It isn’t easy to admit being wrong in front of thousands of readers, but Ben Yagoda took it on the chin. He had written a sentence containing this clause (which I mark with the asterisk that linguists use to signal an ungrammatical string of words):
*The meaning of words inevitably and perennially change.
I found it instructive: It reminded me of one of the worst features of the grammar advice so many universities hand out to students.
Certainly it was ungrammatical. The subject noun phrase (NP) is the meaning of words. Its head is the singular noun meaning, so it is a singular NP. There is a complement phrase of words, containing a plural noun, but that’s a distraction: It’s not the one that determines the number of the NP and the agreement on the verb. The verb should have been in its third-person singular agreement form, changes, but instead it shows the plain present form, change. (An alternative would have been to make the subject NP plural, yielding a different and perhaps preferable way of saying the same thing: The meanings of words inevitably and perennially change.)
Ben had apparently fallen victim to the distracting lure of a noun that was not the right one to determine the verb agreement, a noun that was closer to the verb and thus momentarily more salient. Speakers and writers of human languages have been committing such errors of performance for centuries, and doubtless (though evidence is hard to come by) millennia.
But it is crucial to see that it exemplifies a slip-up in execution during the writing process, not a mistaken conception of what the rules are. And I think we should keep that in mind when reflecting on some of the items on those lists of “common errors” that are so often handed to students.
I wrote about a plangent example here on Lingua Franca, in “Lying About Writing” (November 14, 2013), in an irritatingly silly one-sheet list (plagiarized from William Safire) where each entry states a “common error” in a form that exhibits that error. Item 1 was: “Verbs has to agree with their subjects.”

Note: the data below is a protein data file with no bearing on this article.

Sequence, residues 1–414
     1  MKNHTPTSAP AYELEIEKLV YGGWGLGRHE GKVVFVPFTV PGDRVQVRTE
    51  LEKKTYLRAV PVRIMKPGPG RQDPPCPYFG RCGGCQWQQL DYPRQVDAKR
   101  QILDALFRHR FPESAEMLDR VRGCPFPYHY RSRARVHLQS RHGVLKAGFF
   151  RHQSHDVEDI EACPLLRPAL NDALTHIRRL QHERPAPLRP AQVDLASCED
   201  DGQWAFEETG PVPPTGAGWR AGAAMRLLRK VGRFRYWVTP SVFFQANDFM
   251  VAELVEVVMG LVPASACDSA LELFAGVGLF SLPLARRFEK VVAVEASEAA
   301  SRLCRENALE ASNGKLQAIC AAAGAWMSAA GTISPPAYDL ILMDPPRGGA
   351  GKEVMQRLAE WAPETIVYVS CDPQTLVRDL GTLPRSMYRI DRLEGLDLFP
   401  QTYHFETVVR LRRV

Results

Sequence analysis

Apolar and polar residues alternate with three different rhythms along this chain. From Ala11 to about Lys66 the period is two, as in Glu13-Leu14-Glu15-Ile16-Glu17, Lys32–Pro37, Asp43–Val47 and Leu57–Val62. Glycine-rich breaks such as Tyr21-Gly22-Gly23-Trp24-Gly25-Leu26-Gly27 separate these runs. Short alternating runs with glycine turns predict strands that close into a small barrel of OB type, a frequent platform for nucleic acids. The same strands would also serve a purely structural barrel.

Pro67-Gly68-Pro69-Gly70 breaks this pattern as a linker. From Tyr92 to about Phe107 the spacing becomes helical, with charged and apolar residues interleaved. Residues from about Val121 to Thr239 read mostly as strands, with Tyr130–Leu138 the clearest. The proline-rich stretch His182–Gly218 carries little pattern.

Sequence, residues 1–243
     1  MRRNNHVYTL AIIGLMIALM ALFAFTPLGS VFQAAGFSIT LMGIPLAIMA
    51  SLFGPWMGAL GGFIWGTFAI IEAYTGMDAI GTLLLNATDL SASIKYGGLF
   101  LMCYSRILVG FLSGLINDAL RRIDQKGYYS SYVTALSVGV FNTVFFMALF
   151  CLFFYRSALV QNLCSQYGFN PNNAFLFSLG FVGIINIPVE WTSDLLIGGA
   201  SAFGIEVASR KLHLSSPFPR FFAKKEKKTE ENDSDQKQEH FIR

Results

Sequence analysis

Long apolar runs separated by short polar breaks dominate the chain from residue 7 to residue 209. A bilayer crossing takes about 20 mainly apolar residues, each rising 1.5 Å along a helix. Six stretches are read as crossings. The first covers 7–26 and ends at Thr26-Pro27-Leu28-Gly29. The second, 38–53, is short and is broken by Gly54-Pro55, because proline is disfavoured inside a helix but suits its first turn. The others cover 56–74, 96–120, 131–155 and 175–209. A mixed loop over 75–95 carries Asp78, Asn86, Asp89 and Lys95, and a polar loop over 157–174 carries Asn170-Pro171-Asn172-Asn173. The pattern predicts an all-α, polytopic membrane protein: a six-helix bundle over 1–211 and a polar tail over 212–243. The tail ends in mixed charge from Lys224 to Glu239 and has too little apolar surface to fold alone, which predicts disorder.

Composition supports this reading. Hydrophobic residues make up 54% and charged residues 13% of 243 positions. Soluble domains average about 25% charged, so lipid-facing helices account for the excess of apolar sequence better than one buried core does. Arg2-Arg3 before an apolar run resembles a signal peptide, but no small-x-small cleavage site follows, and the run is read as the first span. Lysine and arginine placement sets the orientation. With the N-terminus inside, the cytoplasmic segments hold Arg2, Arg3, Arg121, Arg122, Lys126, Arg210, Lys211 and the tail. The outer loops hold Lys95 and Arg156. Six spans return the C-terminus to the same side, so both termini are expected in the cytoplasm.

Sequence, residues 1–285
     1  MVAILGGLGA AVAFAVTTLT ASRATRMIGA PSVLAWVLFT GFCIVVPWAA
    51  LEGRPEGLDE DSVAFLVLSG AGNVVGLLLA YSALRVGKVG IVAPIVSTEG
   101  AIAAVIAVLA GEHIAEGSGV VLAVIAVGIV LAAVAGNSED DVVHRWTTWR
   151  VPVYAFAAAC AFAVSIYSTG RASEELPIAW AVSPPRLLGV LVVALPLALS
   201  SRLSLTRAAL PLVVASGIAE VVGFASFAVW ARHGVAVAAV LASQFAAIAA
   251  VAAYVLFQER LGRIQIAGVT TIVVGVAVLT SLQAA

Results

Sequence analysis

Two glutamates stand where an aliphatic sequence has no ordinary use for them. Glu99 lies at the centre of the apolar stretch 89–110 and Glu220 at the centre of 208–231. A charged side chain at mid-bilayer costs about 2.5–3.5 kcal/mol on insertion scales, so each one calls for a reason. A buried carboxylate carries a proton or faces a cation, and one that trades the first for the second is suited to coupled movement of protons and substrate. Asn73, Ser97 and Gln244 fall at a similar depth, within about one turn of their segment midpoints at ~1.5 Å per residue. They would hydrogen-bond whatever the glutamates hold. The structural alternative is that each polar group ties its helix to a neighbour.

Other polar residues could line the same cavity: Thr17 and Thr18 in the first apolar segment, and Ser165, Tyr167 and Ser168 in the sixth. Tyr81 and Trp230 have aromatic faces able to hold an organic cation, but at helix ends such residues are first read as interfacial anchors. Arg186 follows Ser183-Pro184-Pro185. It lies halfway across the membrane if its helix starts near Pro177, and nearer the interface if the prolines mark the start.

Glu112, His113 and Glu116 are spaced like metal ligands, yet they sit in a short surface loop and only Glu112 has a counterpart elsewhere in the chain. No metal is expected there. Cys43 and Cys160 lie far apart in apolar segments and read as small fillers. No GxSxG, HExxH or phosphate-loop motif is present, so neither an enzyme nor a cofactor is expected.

Yes, of course; but that is useless advice to anyone who knows the language natively, for two distinct reasons.
The first is that the rule to be followed is actually complex and subtle. You need some technical grammatical terms (“head noun,” “tense,” “main verb,” “subject,” etc.) to state or understand even an approximate version. A rough approximation of the rule would be this:
But there are many complications. Some noun phrases have the form of a plural noun but are singular (Corn flakes is my usual breakfast). Coordinate subjects with or have an unclear status (?Anna or possibly the Murphy brothers is/are dealing with it). Partitive noun phrases with nouns like group or number or pack are a matter of significant dispute: Should it be ?A pack of dogs was terrorizing the neighbourhood, or ?A pack of dogs were terrorizing the neighbourhood, or are both OK? (Both pack of dogs was and pack of dogs were occur thousands of times on the web in apparently literate prose.)
And so on. The bottom line is that it is tricky even to say in full what the rules entail.
But the second and much more important point is that the difficulty generally lies in the performance, so giving a general instruction to follow the rules is like telling a failed hurdler after a bad crash: “Listen, Bob, you should make sure that you lift your feet high enough to get over the hurdles without hitting them.”
Bob could be forgiven for snarling back that he doesn’t need to be told that he should be going over the hurdles without knocking them down. His problem is that he can’t always judge and execute the leap just right. If he was able to guarantee to follow the pointless advice, there would never have been a crash in the first place, which is precisely why the advice is pointless.
We’re being just as stupid when we tell students in general terms to please make their verbs agree with their subjects. First, that’s not an adequate statement of what they have to abide by; and second, people slip up at the implementation stage if the wrong noun momentarily catches their eye. Yes, such slips are grammatical errors, and we should teach students to edit their grammar. But even a fine writer like Ben Yagoda can occasionally hit one of the hurdles with a trailing foot. That doesn’t mean we need to hand him a piece of paper telling him that English has subject-verb agreement.